In today’s America, every incident sparks a reaction on both sides. Even when it shouldn’t.
The video of Super Bowl-winning quarterback Trent Dilfer, now a high school football coach, grabbing the son of former NFL kicker Phil Dawson and pushing the boy backward before shoving him away has prompted both criticism and support. If, as the Dilfer defenders are arguing, the moment was sparked by Beau Dawson being disrespectful to Dilfer, the reaction was proper.
The reaction was not proper, regardless of what caused it.
Long gone are the days when adults can lay hands on minors as a gesture of anger or an act of discipline. This isn’t a matter of dispute or “both sides.” It’s a bright line that should not be crossed.
Some of us (like me) grew up at a time when, for example, laziness on the practice field prompted a cleat in the ass from the coach. Being out of position resulted in the grabbing of the facemask and the forceful yanking of the player into the right spot.
And God forbid if a player had a chance during a special-teams drill to block a punt but recoiled from the ball or the leg. I still can picture the moment from the eighth grade in October 1978 when a teammate pulled up after breaking free toward the punter. The coach ordered the player to run multiple times toward the coach as he kicked the ball directly into his head and face and body, repeatedly.
(At least the kid had the protection of a flimsy, ill-fitting helmet with a single bar across the bottom of his face.)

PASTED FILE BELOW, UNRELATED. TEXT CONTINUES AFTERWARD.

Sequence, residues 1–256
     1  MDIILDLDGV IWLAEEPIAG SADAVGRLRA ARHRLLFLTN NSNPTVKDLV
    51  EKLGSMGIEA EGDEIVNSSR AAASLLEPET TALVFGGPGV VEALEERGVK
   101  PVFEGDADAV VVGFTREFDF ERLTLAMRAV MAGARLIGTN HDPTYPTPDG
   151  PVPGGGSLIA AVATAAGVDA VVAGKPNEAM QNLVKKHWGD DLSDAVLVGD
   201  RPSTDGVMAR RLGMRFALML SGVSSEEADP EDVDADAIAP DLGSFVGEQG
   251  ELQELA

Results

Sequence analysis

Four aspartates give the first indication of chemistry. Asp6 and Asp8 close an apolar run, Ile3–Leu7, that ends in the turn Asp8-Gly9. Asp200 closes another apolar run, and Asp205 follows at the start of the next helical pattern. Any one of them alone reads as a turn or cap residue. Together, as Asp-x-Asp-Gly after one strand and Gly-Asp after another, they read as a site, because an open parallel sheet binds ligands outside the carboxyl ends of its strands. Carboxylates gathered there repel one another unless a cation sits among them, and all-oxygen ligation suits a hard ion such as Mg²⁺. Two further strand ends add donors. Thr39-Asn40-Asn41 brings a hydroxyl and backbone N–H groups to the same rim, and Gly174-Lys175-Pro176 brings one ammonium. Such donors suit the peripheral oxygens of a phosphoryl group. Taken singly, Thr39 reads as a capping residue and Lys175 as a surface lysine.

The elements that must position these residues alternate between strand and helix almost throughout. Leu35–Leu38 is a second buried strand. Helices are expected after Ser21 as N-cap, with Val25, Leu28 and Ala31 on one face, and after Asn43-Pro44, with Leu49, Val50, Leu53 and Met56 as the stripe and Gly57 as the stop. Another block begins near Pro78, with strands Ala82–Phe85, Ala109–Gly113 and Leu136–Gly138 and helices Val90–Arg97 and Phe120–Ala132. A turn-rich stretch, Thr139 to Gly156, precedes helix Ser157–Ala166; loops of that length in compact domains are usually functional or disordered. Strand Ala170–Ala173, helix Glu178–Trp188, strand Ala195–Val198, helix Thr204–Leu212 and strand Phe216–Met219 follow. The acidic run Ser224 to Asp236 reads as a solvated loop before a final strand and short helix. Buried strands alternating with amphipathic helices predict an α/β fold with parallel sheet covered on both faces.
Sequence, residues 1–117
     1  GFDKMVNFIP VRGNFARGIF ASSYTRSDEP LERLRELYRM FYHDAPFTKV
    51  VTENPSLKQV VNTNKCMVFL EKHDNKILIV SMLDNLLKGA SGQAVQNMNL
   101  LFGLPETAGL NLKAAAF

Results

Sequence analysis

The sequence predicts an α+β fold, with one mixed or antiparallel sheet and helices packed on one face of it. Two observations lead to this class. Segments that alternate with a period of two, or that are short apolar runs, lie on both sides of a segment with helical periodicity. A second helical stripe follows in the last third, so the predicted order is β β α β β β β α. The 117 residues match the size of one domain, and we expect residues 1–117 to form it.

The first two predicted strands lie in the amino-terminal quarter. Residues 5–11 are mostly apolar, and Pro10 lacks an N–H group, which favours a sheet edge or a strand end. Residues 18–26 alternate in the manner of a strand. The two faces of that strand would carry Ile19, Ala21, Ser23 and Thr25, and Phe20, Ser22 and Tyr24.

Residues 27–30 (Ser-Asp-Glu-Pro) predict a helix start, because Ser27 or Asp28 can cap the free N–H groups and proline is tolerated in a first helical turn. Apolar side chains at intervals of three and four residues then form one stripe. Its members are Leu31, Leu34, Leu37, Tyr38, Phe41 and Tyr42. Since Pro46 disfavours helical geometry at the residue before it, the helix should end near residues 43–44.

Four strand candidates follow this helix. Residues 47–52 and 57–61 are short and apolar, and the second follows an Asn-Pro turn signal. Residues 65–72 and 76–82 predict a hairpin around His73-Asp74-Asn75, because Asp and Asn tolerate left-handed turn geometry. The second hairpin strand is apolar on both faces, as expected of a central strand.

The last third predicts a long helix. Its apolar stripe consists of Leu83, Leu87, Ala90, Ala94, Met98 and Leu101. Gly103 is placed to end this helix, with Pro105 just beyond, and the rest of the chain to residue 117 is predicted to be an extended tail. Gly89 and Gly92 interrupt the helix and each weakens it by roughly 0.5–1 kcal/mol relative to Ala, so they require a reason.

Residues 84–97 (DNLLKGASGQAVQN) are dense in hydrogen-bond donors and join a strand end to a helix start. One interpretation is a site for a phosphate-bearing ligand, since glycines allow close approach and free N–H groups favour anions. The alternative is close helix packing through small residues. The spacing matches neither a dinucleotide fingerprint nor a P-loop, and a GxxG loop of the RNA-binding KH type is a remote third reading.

Those days are gone. Period. Full stop. That’s it. No debate. Coaches don’t touch players. It’s clear. It’s indisputable. Even if people are somehow coming up with ways to try to dispute it.
This also isn’t a question of whether Dilfer should be “canceled.” (Quick question: Canceled from what?) It’s a question of fitness to have the health and safety of youth football players entrusted to him. If you can’t control your anger when a player sasses you back or whatever, you shouldn’t be coaching children. And if pushing and shoving is one of your devices for inflicting discipline, you definitely shouldn’t be coaching children.
I’ll admit (although I’m a bit ashamed to do so) that part of me is a little conflicted about the subject of physicality in youth football coaching. To this day, I don’t stand still for very long because of all the times I was kicked in the ass by the coach and/or jerked around by my facemask. It has kept me from ever doing anything that could be characterized in any way, shape, or form as lazy or half-assed.
The fact that I still can vividly recall those moments means that it worked a little too well, however. It probably amounted to a series of small emotional scars. And it probably has contributed to what ultimately has become at times an unhealthy obsession with working and working and working, so that I never stop long enough to get kicked in the ass.
Obviously, there has to be a better way to teach kids about work and effort and respect and responsibility and everything else that football coaches at their best can impart to their players. The easiest way to move in that direction is to realize that it’s the 21st century and that coaches should never be pushing or shoving or kicking youth football players, at any time and for any reason.